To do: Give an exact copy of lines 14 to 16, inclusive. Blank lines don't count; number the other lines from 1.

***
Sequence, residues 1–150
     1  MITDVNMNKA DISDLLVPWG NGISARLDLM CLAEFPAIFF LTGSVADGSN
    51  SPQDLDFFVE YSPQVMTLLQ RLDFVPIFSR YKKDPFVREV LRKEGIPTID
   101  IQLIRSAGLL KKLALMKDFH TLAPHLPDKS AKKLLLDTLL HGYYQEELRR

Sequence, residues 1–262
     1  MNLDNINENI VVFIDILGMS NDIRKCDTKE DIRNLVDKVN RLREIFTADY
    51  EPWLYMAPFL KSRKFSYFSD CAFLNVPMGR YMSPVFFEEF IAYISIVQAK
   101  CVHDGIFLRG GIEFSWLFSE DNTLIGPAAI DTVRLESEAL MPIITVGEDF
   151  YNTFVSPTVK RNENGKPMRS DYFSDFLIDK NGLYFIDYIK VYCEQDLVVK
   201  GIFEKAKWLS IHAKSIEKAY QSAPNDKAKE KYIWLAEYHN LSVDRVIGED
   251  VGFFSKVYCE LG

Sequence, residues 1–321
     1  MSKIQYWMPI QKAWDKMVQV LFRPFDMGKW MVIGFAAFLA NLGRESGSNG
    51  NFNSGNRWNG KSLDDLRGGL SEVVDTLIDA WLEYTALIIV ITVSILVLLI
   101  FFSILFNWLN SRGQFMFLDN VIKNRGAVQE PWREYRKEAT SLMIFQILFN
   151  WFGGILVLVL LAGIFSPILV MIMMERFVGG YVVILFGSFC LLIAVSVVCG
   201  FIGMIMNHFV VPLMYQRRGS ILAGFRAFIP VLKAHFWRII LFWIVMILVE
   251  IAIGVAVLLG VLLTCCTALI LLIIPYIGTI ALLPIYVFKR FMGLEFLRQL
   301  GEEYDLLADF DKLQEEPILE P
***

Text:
    51  NFNSGNRWNG KSLDDLRGGL SEVVDTLIDA WLEYTALIIV ITVSILVLLI
   101  FFSILFNWLN SRGQFMFLDN VIKNRGAVQE PWREYRKEAT SLMIFQILFN
   151  WFGGILVLVL LAGIFSPILV MIMMERFVGG YVVILFGSFC LLIAVSVVCG